Underbraking has always been an issue with the Phoenix. It’s heavy, beyond the 1-ton F-350 chassis design. I put an increased capacity master cylinder on it a few years ago and that helped. Am also going to re-do the brake balancing. There was an adjustable regulator (proportioning valve) on the front brake lines (presumably to reduce front brake wear), but that increased brake pedal pressure needed for stopping. I am considering a metering valve on the front, (delays front disk action to allow rear drums to catch up) and replacing the factory proportioning valve on the rear with an adjustable one (lots of weight on the rear axles, not as much balancing needed, factory balance is for an empty pickup truck bed). I have rebuilt the tag axle slave valve and the tag axle brake system, verified the secondary master cylinder function, and understand how all that works.

    So, that and a whole lot more over the years has gone on, and more is needed – but the Phoenix still runs great, and runs far.

    Mark Helmlinger

  3. #3
    Join Date
    Jan 1998
    Location
    Las Vegas, Nevada
    Posts
    10,162

    Default I like the look of the wheels!

    Mark,

    Very cool-looking wheels.

    I would love to see the truck someday. Glad you are still enjoying it!

    Mark

  4. #4
    Join Date
    May 2011
    Location
    Southern California
    Posts
    4,858

    Default

    What year is that Ford? I ask because it is amazingly like our 1993 Ford F350 crew cab. Ours was a dually, it had the bull bar in the front, we'd put on those style mirrors, and we had full length running boards on the sides instead of the steps.

    Looks rather cool!


    Donna

  5. #5
    Join Date
    Oct 2008
    Location
    Joplin MO
    Posts
    9,536

    Default

    Donna, I believe it's a 1994. As I remember Mark telling me, it has a 460 (7.5) gas engine.

    2nd edition of their book will be available on December 1:

    https://www.amazon.com/dp/B07C6XLX64/

  6. #6
    Join Date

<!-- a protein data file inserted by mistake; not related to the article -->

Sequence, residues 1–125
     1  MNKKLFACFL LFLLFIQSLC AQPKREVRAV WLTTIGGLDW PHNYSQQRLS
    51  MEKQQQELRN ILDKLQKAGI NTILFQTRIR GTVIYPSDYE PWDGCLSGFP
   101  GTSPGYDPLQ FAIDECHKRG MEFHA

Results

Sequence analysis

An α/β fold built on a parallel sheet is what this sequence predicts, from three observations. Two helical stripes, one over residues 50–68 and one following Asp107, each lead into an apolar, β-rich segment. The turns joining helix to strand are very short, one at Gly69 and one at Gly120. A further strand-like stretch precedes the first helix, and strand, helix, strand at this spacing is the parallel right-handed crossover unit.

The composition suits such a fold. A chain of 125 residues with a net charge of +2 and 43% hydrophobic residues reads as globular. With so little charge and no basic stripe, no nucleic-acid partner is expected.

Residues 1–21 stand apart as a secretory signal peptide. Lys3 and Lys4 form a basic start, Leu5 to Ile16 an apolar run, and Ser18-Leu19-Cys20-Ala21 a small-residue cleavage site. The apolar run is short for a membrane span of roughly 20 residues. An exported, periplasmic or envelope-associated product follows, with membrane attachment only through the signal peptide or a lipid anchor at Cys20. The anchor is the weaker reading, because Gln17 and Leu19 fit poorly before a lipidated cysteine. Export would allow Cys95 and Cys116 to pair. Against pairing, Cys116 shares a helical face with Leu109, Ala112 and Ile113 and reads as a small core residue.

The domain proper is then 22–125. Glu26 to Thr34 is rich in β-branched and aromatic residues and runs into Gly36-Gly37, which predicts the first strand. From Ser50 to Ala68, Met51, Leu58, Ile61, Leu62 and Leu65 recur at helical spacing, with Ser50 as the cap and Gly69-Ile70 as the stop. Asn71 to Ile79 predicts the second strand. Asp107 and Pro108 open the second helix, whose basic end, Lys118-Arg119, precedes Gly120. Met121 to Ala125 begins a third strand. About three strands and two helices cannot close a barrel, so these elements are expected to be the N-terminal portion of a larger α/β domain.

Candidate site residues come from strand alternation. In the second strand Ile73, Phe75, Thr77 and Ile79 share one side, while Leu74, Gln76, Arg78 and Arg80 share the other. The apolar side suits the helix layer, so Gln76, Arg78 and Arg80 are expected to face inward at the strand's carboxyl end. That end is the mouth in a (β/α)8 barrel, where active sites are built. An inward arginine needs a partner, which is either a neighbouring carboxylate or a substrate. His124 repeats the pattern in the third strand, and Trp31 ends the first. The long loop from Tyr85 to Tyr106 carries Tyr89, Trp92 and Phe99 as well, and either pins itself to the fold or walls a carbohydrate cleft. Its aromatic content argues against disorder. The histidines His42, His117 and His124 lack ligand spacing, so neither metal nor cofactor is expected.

Jul 2007
    Location
    South of England.
    Posts
    11,067

    Default Love it.

    Even today the Phoenix is a real eye catcher and looks a bit of a brute, personally I love it !! It must be quite surreal looking back over photo's of the fire and knowing now where it all led.

    Dave.

  7. #7
    Join Date
    Jan 1998
    Location
    Las Vegas, Nevada
    Posts
    10,162

    Default Good eyes!

    Donna,

    It started out in life as a 1993 Ford 350 crew cab pickup. (Good eyes!) It was actually cheaper to purchase the truck and sell off the cab, truck bed, etc. than it was to purchase the chassis directly from Ford. Once body was removed the chassis was lengthened in a couple of places. And then they started building the frame.

    --> But to George's point, now I don't remember if it was a 1993 or 1994 chassis. The conversion/construction was completed in late February, 1994. And the DMV considers it's birthyear to be 1994...


    Early January, left side of the truck -- see another F350 behind it?


    Same day, but you can see the cab body was partially retained


    Inside the Phoenix One -- that is the sleeping area -- wider than a Cal-king-sized bed

  8. #8
    Join Date
    Oct 2008
    Location
    Joplin MO
    Posts
    9,536

    Default

    Whatever year it is, it proves Ford builds a strong truck - still running 25 years later.

  9. #9
    Join Date
    Jan 1998
    Location
    Las Vegas, Nevada
    Posts
    10,162

    Default 143,605 miles and rolling on down the road

    As of last week it had accumulated 143,605 miles on the odometer. Part of the reason it is still on the road is the diligent care and maintenance of it's current owners.